I think this might be a first for both Python.
Initially uploaded to LXF, now also here under the MIT licence.
I am building a kids level seismometer and wanted to use standard Python inside Linux.
This DEMO code was my starter idea and looks as though using standard ASCII only might just work a real treat.
I've issued it to LXF under the MIT licence for future reasons.
It doesn't look much on screen except that the waveform(s) shown is/are a basic visual, electrical representation of your voice. ;o)
It is possible to link the earphone socket on this notebook to the mic input and start the Audio Function Generator, elsewhere in this site, in a separate Python terminal and see those waveforms inside the AudioScope.py`s own Python terminal.
This grabs a 1 second 8KB burst, and then displays it onto the Python terminal. The timebase, amplitude, trigger, single shot and others are not included but the main grab and display using /dev/dsp is shown. This can be made platform independent by changing the /dev/dsp to something external like the Arduino Dev Board. This uses STANDARD Python 2.5.x and later and tested on PCLinuxOS 2009 and Debian 6.0.0.
Enjoy finding simple solutions to often very difficult problems.
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#!/usr/bin/python # # AudioScope.py # # DEMO LF Audio Oscilloscope using /dev/dsp inside Linux. # Original copyright, (C)2011, B.Walker, G0LCU. # Initially issued to LXF under the MIT licence. # # The timebase runs vertically and the waveform amplitude horizontally. # It grabs a sample for about 1 second and displays the results AFTER # the sample; technically a basic LF Storage Audio Oscilloscope. # # The display only uses standard ASCII characters. # # To run just type from the prompt ">>>"... # >>> execfile("/full/path/to/AudioScope.py")<RETURN/ENTER> # # Tested on Python 2.6.x only but should work on other versions of 2.x.x. # Ensure /dev/dsp exists; if not install oss-compat from your distro`s # repository. Also ensure the sound card is not already in use. # # Enjoy finding simple solutions to often very difficult problems... ;o) # # If you are just trying this out and have an internal mic, just talk # loudly into the microphone and see your vocal wavefrom on screen... # Needless to say using the external microphone input as an input this # becomes a single channel uncalibrated LF Audio Oscilloscope. # # Press Ctrl-C to STOP. # Import any necessary modules. import os # Do a basic screen clear. os.system("clear") # Turn the cursor off to look prettier... ;o) os.system("setterm -cursor off") def main(): # Set special variables global. global audioscope global chardisplay global offset global timebase global record # Known variables. audioscope = 0 chardisplay = "(C)2011, B.Walker, G0LCU." offset = 0 timebase = 1 record = "Initial issue to LXF under the MIT licence" # Throw away local variables. n = 0 while 1: # Sample the microphone/external_microphone_input for approximately 1 second. audio = file('/dev/dsp', 'rb') record = audio.read(8192) audio.close() # This value points to a character in the 8192 byte string. # "offset" can be any value from 0 to 191. offset = 0 # Start the loop from character at position 0. while offset <= 8191: # Convert the character to a decimal number. audioscope = ord(record[offset]) # Now convert to 6 bit depth to fit one terminal line. audioscope = int(audioscope/4) # This should never occur but don`t allow an error. if audioscope >= 63: audioscope = 63 if audioscope <= 0: audioscope = 0 # Invert to correct the trace shown. audioscope = 63 - audioscope # Loop count to get the correct position to print the plot. n = 0 # Set the trace position for each line and...... chardisplay = " " while n <= audioscope: # ......add the required spaces until completed then...... chardisplay = chardisplay + " " n = n + 1 # ......print the plot point using *. print chardisplay + "*" # Point to the next character to character in the 8192 string. # "timebase" can be any value from 1 to 360. offset = offset + timebase # Assuming a Ctrl-C arrives here enable the cursor again. os.system("setterm -cursor off") main() # End of DEMO. # Enjoy finding simple solutions to often very difficult problems.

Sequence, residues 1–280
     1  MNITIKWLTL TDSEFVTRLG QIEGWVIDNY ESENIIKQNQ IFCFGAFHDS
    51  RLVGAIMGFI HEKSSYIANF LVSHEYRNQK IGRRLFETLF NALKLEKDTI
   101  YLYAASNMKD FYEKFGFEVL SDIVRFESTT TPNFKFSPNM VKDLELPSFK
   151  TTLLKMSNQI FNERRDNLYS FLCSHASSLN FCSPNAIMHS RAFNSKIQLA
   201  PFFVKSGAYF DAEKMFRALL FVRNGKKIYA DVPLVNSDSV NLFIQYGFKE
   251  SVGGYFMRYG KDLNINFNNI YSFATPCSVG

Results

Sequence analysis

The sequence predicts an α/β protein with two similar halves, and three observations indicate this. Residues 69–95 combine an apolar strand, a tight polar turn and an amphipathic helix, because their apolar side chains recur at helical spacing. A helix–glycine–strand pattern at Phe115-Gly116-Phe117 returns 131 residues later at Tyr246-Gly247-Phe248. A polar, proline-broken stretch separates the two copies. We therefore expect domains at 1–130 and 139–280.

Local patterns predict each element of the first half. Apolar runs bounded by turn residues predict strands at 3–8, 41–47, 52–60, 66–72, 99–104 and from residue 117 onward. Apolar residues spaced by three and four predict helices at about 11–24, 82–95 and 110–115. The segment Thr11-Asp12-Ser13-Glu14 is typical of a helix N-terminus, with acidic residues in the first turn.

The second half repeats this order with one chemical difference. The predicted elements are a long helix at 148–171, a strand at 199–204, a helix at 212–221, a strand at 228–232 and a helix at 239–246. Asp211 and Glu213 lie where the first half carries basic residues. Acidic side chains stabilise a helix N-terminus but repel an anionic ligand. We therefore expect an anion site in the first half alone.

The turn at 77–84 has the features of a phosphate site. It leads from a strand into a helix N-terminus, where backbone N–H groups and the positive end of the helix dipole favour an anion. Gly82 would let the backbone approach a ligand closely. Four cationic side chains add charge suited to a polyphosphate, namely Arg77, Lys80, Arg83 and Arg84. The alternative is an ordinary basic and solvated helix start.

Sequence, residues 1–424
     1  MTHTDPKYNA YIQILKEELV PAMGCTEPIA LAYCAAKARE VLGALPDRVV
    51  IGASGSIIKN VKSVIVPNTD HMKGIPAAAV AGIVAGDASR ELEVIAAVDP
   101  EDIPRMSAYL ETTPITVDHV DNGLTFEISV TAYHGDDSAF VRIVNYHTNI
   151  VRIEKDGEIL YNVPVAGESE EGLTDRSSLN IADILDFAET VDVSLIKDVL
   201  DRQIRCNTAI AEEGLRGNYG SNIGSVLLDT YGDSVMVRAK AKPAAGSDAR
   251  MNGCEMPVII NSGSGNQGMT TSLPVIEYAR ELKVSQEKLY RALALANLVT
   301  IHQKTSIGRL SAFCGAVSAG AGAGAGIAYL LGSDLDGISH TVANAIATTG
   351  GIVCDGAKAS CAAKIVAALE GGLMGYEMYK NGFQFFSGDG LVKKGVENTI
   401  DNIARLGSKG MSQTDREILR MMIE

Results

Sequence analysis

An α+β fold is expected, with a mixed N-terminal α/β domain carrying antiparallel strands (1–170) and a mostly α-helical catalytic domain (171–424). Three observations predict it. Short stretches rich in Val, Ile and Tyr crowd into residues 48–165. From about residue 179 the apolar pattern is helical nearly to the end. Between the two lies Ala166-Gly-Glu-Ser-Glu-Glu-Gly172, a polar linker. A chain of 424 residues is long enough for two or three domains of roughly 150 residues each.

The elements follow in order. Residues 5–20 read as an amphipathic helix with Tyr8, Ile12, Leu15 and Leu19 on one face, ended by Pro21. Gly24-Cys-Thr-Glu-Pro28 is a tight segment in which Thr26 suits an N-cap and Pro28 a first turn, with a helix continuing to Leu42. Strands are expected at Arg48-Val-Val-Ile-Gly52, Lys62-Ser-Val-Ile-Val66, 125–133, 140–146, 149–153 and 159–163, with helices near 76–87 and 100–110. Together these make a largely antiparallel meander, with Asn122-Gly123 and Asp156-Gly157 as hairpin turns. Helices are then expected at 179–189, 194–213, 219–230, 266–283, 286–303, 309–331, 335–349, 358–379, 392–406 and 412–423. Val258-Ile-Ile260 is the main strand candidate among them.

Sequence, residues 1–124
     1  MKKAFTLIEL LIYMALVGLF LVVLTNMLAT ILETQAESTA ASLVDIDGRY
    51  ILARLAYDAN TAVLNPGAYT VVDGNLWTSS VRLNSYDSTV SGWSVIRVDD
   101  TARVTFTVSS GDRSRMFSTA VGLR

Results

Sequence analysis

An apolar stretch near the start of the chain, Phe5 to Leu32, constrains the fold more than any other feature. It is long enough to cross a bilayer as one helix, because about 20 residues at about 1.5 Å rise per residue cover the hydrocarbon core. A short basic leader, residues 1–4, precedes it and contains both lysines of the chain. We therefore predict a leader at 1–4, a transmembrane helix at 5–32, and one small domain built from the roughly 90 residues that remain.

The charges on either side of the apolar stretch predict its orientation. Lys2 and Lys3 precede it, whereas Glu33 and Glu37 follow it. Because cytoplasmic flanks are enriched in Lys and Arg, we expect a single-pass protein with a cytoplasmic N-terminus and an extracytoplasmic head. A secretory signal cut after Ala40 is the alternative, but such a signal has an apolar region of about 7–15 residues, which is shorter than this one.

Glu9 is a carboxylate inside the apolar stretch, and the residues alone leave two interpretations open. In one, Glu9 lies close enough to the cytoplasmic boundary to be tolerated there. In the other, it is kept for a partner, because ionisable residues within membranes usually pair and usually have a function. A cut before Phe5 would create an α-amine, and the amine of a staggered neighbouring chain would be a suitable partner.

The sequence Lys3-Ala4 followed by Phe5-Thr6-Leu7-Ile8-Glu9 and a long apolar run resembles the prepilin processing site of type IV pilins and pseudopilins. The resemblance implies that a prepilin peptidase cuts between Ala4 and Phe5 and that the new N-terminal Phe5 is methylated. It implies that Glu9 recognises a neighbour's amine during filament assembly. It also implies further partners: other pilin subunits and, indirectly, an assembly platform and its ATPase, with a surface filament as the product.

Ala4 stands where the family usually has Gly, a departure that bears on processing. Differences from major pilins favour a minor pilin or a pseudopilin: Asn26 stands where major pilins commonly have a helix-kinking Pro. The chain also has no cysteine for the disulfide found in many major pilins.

I am working on a kids level seismometer project that is using this method and requires NO dependencies other than a totally standard Python install and standard ASCII.